The EU support for security in the country follows on from the EUPOL DRC mission carried out from 2007 to 2014 as part of the common security and defence policy (CSDP), the first and second phases of the police reform support programmes financed by the EDF (€35 million) and the Congolese National Police reform support programme implemented from 2006 to 2020 with funding from the Instrument contributing to Stability and Peace (€5 million).

South Africa: 58 murders daily

The number of homicides rose by 1.4% to 21,325 in the 12 months through March — an average of 58 a day — the police service said in its annual crime-statistics report.

The murder rate of 36 per 100,000 people was little changed from the previous year and compares with an international average of seven per 100,000. The number of rapes, sexual offenses and car hi-jackings also increased, but property-related crime declined.

“We are not where we want to be,” Police Minister Bheki Cele said at a briefing in Pretoria, the capital. “However we are pleased with the improvements in most stubborn crime categories.”

Violent crime is fueled by widespread alcohol and drug abuse, and perpetrators often know their victims, the police data show. A lockdown imposed to curb the spread of the virus should have a positive impact on the current year’s statistics, with preliminary data showing it helped curtail homicides and other crimes.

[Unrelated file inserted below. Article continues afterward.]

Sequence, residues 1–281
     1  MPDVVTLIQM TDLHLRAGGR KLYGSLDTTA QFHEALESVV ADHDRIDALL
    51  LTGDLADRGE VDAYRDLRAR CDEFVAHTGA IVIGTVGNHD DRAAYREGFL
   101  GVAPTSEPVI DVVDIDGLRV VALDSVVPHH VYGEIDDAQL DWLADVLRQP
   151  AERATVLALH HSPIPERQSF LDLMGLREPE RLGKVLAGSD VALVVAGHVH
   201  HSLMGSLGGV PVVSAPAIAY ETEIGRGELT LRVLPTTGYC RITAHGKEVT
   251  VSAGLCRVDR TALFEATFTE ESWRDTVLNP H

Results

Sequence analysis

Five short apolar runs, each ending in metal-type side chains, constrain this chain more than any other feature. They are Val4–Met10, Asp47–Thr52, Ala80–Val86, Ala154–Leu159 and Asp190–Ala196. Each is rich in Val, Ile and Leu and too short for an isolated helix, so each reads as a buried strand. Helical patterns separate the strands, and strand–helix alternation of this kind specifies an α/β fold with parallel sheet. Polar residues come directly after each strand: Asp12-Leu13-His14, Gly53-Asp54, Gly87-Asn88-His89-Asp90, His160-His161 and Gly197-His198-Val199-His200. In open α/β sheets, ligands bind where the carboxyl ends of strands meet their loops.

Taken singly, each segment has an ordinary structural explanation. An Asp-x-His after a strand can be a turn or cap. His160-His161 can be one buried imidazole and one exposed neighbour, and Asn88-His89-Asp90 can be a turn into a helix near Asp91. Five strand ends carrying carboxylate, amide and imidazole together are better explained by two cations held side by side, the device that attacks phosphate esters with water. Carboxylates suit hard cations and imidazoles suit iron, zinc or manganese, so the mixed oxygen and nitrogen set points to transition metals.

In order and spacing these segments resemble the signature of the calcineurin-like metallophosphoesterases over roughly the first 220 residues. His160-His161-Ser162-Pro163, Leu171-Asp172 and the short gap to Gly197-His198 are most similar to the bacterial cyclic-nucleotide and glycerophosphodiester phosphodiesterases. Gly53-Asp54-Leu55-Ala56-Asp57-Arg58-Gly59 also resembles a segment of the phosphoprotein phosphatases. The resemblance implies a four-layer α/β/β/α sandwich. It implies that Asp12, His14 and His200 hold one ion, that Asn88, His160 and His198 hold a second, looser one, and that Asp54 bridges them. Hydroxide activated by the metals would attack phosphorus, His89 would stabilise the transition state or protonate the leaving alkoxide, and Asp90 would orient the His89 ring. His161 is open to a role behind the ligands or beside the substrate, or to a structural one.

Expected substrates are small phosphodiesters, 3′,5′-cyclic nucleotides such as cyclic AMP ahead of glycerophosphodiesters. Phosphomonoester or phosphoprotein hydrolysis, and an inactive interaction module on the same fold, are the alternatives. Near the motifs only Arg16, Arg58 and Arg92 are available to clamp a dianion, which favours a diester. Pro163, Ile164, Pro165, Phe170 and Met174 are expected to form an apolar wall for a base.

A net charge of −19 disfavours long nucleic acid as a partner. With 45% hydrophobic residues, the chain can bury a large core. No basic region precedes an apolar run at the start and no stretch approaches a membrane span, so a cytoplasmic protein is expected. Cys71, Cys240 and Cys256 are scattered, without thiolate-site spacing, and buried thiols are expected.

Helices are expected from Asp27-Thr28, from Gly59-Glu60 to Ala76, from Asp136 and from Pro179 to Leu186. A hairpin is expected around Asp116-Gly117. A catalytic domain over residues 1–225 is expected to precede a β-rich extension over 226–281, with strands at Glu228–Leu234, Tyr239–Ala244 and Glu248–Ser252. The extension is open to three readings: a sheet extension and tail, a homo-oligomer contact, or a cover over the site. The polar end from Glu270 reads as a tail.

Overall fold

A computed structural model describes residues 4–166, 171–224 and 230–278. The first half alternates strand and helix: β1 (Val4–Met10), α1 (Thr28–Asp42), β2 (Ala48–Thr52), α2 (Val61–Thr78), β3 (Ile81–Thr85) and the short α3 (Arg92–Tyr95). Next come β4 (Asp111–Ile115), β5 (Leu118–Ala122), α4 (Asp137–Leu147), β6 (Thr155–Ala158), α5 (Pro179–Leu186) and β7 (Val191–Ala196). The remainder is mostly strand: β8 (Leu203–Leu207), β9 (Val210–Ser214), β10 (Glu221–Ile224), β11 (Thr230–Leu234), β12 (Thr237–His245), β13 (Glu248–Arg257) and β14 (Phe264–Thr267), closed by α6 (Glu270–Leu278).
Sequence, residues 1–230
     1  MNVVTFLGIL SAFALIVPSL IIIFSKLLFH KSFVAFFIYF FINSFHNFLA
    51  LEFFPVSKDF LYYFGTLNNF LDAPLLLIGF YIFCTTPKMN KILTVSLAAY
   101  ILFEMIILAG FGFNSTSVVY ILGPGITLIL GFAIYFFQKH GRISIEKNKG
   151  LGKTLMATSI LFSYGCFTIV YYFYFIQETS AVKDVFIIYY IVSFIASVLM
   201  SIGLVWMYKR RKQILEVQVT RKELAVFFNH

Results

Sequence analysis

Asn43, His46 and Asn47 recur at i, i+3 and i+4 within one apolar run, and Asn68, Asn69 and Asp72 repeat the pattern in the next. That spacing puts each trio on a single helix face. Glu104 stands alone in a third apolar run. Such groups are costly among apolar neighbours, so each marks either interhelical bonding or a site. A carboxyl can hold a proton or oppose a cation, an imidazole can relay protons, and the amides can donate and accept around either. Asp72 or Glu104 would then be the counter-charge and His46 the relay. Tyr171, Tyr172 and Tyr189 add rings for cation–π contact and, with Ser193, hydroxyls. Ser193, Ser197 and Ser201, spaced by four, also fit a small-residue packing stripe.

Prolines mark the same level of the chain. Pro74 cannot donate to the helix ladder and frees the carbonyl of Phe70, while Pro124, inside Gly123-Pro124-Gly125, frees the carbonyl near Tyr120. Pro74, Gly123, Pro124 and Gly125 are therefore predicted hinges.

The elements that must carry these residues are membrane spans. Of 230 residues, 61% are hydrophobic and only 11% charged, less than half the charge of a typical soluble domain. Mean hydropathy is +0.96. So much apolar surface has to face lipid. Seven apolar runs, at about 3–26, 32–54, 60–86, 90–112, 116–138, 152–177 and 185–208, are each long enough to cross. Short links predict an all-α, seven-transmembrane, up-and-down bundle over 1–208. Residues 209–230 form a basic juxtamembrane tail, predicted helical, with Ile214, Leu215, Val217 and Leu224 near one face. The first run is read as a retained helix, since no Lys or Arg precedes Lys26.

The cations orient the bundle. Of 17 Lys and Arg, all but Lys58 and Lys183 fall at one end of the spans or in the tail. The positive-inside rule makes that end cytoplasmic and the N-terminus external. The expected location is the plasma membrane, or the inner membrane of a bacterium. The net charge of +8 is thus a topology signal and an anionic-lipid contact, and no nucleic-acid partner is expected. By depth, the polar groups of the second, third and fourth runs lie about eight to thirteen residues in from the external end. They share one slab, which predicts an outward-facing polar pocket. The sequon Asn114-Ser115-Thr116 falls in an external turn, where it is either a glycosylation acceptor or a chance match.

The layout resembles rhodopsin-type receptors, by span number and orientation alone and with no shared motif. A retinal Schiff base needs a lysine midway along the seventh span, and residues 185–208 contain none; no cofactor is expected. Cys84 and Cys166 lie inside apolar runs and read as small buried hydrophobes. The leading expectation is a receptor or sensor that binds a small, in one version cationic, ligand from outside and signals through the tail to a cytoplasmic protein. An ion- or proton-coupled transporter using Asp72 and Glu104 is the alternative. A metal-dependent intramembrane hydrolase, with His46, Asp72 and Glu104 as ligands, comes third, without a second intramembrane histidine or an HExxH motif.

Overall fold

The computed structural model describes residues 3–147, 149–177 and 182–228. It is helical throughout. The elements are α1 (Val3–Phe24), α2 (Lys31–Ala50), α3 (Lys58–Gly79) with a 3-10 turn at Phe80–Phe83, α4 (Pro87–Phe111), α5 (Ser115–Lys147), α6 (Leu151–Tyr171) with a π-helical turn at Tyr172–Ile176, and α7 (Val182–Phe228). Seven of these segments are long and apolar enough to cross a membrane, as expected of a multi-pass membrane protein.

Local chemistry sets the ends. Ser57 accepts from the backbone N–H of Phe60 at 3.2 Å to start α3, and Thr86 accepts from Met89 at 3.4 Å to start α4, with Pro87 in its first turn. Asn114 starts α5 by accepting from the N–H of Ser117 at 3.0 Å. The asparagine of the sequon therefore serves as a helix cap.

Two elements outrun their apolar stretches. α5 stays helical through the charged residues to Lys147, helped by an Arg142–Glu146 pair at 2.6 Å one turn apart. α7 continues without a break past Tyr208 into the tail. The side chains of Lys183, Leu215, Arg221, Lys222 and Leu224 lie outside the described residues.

South Africa urban violence outbreak

South African police  have arrested dozens of people in Johannesburg on September 2 after rioters looted shops, burned tyres and blocked road junctions – the second outbreak of urban rioting in a week. (Image: Johannesburg).

Police had no answer what exactly had triggered the violence, however it is generally considered that the social context has deteriorated: unemployment at close to 30%, widespread poverty and income disparities have all been blamed for recent outbreaks and attacks on immigrants.

Last week, hundreds of protesters in the administrative capital Pretoria set fire to buildings, looted mostly foreign-owned businesses and clashed with police, who started to fire rubber bullets at the crowds in attempt to stop further devastation.

Taxi drivers issued an alert to commuters asking them to avoid Pretoria downtown.

However, Nigerian Foreign Minister Geoffrey Onyeama said Nigerian shops had been targeted by “mindless criminals” and promised to take “definitive measures“.

Shia Muslim clashes close to Nigeria National Assembly

On July 9 Nigeria’s National Assembly was on lockdown after shots were heard outside during clashes between police and a group of Shi’ite Muslim protesters.

The involved in violent clashes blamed each other for the shooting. In a statement, police clarified two officers were shot and wounded in the legs, and six other officers were injured by individuals using clubs and stones.

Police used tear gas on the protesters and smoke could be seen rising from the area.

The Islamic Movement of Nigeria (IMN), a group that represents Nigerian minority Shia Muslims tried to enter the complex, provoking the confrontation with police units.

One of the four injured policemen beaten up by Shi’ite protesters during a violent invasion of the National Assembly, Umar Abdulahi, a dergeant, has died.

 

Uganda kidnappers demand $500,000 ransom

An American citizen who was kidnapped with her driver at Uganda’s most popular wildlife park by gunmen had failed to take an armed ranger as required by the park’s regulations, a spokesperson for the wildlife authority said.

Four armed men in Uganda‘s Queen Elizabeth National Park. according to CNN have used the victim’s phone to demand $500,000 ransom.